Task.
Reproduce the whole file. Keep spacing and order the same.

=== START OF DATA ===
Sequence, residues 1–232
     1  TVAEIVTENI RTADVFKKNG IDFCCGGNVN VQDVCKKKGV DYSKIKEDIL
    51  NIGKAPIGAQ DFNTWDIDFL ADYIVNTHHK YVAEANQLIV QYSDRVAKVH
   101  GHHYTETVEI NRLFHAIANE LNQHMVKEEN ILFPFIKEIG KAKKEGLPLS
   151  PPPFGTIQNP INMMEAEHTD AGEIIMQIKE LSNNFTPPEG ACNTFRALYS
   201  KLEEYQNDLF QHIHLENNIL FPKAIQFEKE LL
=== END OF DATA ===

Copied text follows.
Sequence, residues 1–232
     1  TVAEIVTENI RTADVFKKNG IDFCCGGNVN VQDVCKKKGV DYSKIKEDIL
    51  NIGKAPIGAQ DFNTWDIDFL ADYIVNTHHK YVAEANQLIV QYSDRVAKVH
   101  GHHYTETVEI NRLFHAIANE LNQHMVKEEN ILFPFIKEIG KAKKEGLPLS
   151  PPPFGTIQNP INMMEAEHTD AGEIIMQIKE LSNNFTPPEG ACNTFRALYS
   201  KLEEYQNDLF QHIHLENNIL FPKAIQFEKE LL